While in recent months he’s been more active on Twitter discussing the block size debate (even stamping his name on a new bitcoin scaling ‘agreement‘), Andresen has largely been absent from the bitcoin developer community for about a year.
But, that doesn’t mean the prodigious worker, who did much to help build out bitcoin’s early developer team and market, hasn’t been busy.
At the beginning of May, Andresen tweeted:
The project looks to better secure the internet by checking sources of randomness used by individuals and organizations.
Keeping an eye on bitcoin
The Random Sanity Project not only stemmed from Andresen’s interest in learning the programming language GO, but also in seeing the problems a lack of entropy can have in monetary software systems like bitcoin.
“I certainly still do keep up with bitcoin,” Andresen told CoinDesk, adding that he might contribute code review to DCG’s new bitcoin scaling proposal, but that he’s unlikely to write any of the code.
“Bitcoin is such an interesting project because it’s security critical,” he said. “If the security fails, it’s immediately obvious, people lose money and react immediately.”
This is different, he continued, than an email account being taken over or attacked, in that people typically don’t notice those breaches for some time.
“For a lot of security issues, bitcoin brings them into the light,” Andresen said.
This quick reaction was seen in several mishaps based on faulty random number generation in the bitcoin ecosystem.
In May 2015, a vulnerability in Blockchain’s Android bitcoin wallet left several users out money. According to Softpedia, the vulnerability allowed duplicate bitcoin addresses to be created and given to different users. At its core, the problem was with Blockchain’s random number generator, , which provided insufficient entropy on certain versions of the Android operating system.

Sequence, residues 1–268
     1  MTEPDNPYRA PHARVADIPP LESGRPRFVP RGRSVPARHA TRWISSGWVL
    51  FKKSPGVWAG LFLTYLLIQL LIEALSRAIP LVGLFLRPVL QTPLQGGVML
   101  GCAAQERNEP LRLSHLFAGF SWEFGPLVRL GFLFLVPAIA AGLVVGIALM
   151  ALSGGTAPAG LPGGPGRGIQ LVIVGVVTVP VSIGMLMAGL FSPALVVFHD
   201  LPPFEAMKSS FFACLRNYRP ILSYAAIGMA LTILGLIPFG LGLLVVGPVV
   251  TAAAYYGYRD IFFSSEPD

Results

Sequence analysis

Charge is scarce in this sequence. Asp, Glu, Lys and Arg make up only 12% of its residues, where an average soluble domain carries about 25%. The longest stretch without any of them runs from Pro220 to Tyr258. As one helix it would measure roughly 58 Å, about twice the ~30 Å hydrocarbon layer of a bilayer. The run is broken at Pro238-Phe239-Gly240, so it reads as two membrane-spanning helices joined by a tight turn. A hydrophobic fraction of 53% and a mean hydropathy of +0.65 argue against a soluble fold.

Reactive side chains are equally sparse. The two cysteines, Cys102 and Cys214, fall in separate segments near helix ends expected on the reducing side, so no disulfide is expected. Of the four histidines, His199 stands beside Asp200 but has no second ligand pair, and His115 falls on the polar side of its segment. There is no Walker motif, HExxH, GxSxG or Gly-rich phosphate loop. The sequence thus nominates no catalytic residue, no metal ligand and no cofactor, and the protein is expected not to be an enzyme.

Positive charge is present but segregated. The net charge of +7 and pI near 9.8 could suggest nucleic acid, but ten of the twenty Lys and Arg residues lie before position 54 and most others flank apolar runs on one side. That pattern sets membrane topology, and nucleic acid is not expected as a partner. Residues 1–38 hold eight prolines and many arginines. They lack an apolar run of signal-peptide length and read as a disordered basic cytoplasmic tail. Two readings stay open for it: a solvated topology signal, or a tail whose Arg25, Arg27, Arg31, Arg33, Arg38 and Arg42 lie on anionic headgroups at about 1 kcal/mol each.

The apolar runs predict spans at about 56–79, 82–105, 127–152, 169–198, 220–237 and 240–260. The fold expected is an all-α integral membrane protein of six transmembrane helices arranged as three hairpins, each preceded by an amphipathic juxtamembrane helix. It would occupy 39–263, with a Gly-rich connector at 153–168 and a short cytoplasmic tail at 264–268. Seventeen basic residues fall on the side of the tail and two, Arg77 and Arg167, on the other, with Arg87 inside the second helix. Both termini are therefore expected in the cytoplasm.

And two years before, in August 2013, all bitcoin wallet applications on Android operating systems were potentially at risk when several vulnerabilities were found within another random number generator, Java SecureRandom.
Maintaining a distance
While the project is definitely tangential to Andresen’s former work as bitcoin’s lead maintainer, it’s also much different.
“So far, it’s a one-person project, which I like,” Andresen told CoinDesk. “It’s nice and simple. I chose something small and intentionally boring.”
“Bitcoin was a big, complicated project involving lots of people spread out all over the world; there was too much stress and politics and I didn’t want that again.”
Andresen has been working on the Random Sanity Project for about six months. According to him, the project is not intended to be a profit-making business. Instead, ideally, the project would be sponsored by an entity like the Linux Foundation to offer the service to anyone for free.
So how does Random Sanity work? Every system and every programming language has a way of getting random bytes – for instance, Linux has a special folder called ‘/dev/urandom’ and OpenSSL provides several random number generators (which Bitcoin Core uses).